Preaching God's Word: Luke 13-24

Luke 13:1-35

Jesus stresses the need for both repentance (1-5) and the fruits of repentance (6-9). God’s Word, planted in our hearts at conversion, is to bear fruit. This requires continual repentance and faith (Colossians 2:6; Galatians 3:1-5). Don’t put it off till tomorrow! Today is ‘the day of salvation’. Don’t ‘neglect’ God’s ‘great salvation’ (15-16;  2 Corinthians 6:2; Hebrews 2:3). Let there be spiritual growth, affecting the whole of your life (18-21). Jesus was ‘journeying toward Jerusalem’ - to ‘finish His course’ at the Cross (22, 32-33). He came from the Lord (35). Through Him, we come to the Lord (24; John 10:9). There is no salvation in ourselves (25-27). Apart from Him, there is ‘no peace’ (Jeremiah 6:14; 8:11). Jesus loves you (34). Make ‘sure’ that your trust is in Him. He will never fail you  (2 Peter 1:10-11).

Christ’s Love – Reaching Us, Changing Us And Growing In Us (Luke 13:1-21)

In Luke 13:1-21, we see Jesus preaching, teaching and healing. At the heart of His ministry, there is love. The story of Jesus’ life on earth is an “old, old story.” It tells us about events which happened about 2,000 years ago. This story is still relevant to our life today. That is because it is the story of love. This love is unchanged, unchanging and unchangeable. “The old, old story” is the story of Jesus and His love.

Luke 14:1-24

The call for humility - "For everyone who exalts himself will be humbled, and he who humbles himself will be exalted" (Luke 14:11).
The call to go out to the people and bring them into the Lord's House - "Go out to the roads and country lanes and make them come in, so that my house will be full" (Luke 14:23).
The call for humility and the call to go out to the people and bring them into the Lord's House - How are they to be related to each other?
* First, humility doesn't mean that we rest content with saying, "I couldn't do this" or "I couldn't do that." With humility, we must rise to the challenge of doing what God wants us to do.
* Second, going out to the people doesn't mean that we go in our own strength. We don't go, feeling full of our own importance. We go with our faith in the Lord. We go in His strength.
We need both - the humble attitude and the active commitment to serving the Lord.

Luke 14:25-35

"Follow Me." This is Jesus' message to all of us. To each and every one of us, He says, "Follow Me." He calls us to be His disciples. He calls us to follow him. What will it mean to follow Jesus?
* "Anyone who does not carry his cross and follow Me cannot be My disciple" (Luke 14:27)
- He is calling us to take up our cross. He is calling us to deny ourselves. He is calling us to follow Him. As we think about Christ's cross, we think also of His resurrection. the way of the cross is not an easy way. We do, however, have the help of the risen Lord. He comes to us. He lives in us. He gives us His joy. We are to live a Christ-like life. We are to follow Christ.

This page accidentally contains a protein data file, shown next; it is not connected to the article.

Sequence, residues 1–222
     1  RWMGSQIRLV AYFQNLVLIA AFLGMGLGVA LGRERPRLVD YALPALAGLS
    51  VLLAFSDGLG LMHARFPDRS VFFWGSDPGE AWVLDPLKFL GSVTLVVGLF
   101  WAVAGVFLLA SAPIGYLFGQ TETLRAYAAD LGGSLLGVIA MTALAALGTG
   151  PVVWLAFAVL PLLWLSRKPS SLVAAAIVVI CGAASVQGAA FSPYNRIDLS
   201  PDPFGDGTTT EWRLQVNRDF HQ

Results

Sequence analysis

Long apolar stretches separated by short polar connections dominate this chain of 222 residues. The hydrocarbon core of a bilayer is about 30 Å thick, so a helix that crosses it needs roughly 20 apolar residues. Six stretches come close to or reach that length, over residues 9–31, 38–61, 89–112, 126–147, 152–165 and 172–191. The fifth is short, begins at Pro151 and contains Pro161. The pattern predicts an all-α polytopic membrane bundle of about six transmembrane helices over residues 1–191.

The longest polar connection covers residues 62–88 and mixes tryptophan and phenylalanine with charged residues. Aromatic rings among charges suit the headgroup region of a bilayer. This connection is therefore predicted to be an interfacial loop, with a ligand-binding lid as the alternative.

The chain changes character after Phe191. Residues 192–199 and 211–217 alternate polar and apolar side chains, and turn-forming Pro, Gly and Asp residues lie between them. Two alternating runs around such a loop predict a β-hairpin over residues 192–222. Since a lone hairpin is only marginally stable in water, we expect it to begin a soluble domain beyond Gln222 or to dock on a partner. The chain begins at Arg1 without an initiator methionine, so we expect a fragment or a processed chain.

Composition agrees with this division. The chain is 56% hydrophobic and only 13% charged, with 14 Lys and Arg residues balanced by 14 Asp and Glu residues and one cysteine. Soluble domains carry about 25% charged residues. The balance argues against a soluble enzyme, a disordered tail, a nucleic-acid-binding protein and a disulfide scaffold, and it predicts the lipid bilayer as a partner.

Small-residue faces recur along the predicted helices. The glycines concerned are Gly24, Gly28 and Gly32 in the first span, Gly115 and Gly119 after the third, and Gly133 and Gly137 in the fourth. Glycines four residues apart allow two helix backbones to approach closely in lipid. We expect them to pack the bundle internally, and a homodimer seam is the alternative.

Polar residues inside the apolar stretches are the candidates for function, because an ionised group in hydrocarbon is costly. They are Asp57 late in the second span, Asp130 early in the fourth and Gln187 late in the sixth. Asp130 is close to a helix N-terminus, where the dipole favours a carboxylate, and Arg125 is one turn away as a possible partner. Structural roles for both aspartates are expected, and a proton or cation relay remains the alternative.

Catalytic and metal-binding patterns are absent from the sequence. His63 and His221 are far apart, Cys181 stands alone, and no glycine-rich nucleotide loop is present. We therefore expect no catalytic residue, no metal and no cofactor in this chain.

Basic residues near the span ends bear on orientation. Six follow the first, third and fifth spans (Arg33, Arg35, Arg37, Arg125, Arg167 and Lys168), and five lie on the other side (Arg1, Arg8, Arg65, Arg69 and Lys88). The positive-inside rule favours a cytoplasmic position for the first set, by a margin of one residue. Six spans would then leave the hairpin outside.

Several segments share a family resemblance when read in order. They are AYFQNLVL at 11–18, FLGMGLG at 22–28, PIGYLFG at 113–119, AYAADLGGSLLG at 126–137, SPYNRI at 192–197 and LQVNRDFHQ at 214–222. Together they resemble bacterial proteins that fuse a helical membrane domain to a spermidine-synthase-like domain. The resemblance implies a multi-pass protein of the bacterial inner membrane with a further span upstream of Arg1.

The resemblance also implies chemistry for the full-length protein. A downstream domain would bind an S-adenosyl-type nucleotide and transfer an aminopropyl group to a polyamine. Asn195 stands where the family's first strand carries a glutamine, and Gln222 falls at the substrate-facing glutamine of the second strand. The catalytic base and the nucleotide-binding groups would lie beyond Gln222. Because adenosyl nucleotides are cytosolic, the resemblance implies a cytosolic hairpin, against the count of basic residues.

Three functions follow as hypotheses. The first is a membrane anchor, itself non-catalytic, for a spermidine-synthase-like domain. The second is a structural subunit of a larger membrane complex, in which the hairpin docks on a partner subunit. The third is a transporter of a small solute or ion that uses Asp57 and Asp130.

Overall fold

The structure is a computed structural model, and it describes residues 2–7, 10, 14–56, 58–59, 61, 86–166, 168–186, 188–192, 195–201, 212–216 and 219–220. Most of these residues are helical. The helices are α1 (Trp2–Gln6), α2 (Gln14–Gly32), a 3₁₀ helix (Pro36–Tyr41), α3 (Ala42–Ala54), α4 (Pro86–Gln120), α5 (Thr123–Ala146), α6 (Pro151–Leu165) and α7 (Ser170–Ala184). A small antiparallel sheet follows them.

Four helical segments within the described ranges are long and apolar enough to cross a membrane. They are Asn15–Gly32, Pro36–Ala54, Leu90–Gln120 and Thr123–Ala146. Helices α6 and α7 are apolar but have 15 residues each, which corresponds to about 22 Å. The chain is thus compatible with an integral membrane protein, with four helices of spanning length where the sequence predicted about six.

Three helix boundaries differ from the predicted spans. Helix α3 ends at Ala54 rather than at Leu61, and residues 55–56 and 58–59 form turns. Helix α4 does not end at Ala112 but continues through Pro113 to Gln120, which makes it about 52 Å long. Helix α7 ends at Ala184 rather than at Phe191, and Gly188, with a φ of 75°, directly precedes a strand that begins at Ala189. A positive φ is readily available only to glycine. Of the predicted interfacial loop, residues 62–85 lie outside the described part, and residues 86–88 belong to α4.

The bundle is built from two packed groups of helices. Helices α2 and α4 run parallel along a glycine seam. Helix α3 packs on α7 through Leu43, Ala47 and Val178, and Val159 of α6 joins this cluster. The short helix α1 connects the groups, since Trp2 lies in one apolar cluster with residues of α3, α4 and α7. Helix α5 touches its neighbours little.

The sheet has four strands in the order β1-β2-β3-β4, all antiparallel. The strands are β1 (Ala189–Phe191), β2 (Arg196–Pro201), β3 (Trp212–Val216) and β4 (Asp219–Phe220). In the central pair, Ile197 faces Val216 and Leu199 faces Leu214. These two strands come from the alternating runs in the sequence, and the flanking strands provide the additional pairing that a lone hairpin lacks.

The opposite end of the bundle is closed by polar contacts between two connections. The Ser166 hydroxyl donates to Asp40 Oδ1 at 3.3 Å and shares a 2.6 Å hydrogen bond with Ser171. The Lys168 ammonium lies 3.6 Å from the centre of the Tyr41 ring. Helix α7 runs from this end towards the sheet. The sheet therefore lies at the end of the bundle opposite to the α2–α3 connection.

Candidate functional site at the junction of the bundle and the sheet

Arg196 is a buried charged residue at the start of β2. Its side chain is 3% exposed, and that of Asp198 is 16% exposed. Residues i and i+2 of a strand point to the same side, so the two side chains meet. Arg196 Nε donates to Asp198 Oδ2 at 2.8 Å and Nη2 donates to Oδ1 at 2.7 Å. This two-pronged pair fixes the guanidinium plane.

* "He who has ears to hear, let him hear" (Luke 14:35).
We have heard the Word of the Lord. How will we respond to His Word? Don't let it go in one ear and out the other ear. let His Word reach your heart. let His Word change your life. The Lord is speaking His Word to us. Are we listening to Him? Listen to the Lord. Learn from the Lord. Live for the Lord.

Following Jesus (Luke 14:27)

“Follow Me.” This is Jesus’ message to all of us. To each and every one of us, He says, “Follow Me.” He calls us to be His disciples. He calls us to follow him. What will it mean to follow Jesus?
* “Anyone who does not carry his cross and follow Me cannot be My disciple” (Luke 14:27).
- He is calling us to take up our cross. He is calling us to deny ourselves. He is calling us to follow Him. As we think about Christ’s cross, we think also of His resurrection. the way of the cross is not an easy way. We do, however, have the help of the risen Lord. He comes to us. He lives in us. He gives us His joy. We are to live a Christ-like life. We are to follow Christ.
* “He who has ears to hear, let him hear” (Luke 14:35).
We have heard the Word of the Lord. How will we respond to His Word? Don’t let it go in one ear and out the other ear. let His Word reach your heart. let His Word change your life. The Lord is speaking His Word to us. Are we listening to Him? Listen to the Lord. Learn from the Lord. Live for the Lord.

Luke 15:1-32

"This man receives sinners" (Luke 15:2). This man is our Saviour. He receives sinners. Will we, sinners, receive Him?
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Prior to the parable of the prodigal son, we have two short parables - the parable of the lost sheep and the parable of the lost coin. "Rejoice with me; I have found my lost sheep / coin" (Luke 15:6, 9). "There will be more rejoicing in heaven over one sinner who repents than over ninety-nine righteous persons who do not need to repent" (Luke 15:7). "There is rejoicing in the presence of the angels of God over one sinner who repents" (Luke 15:10).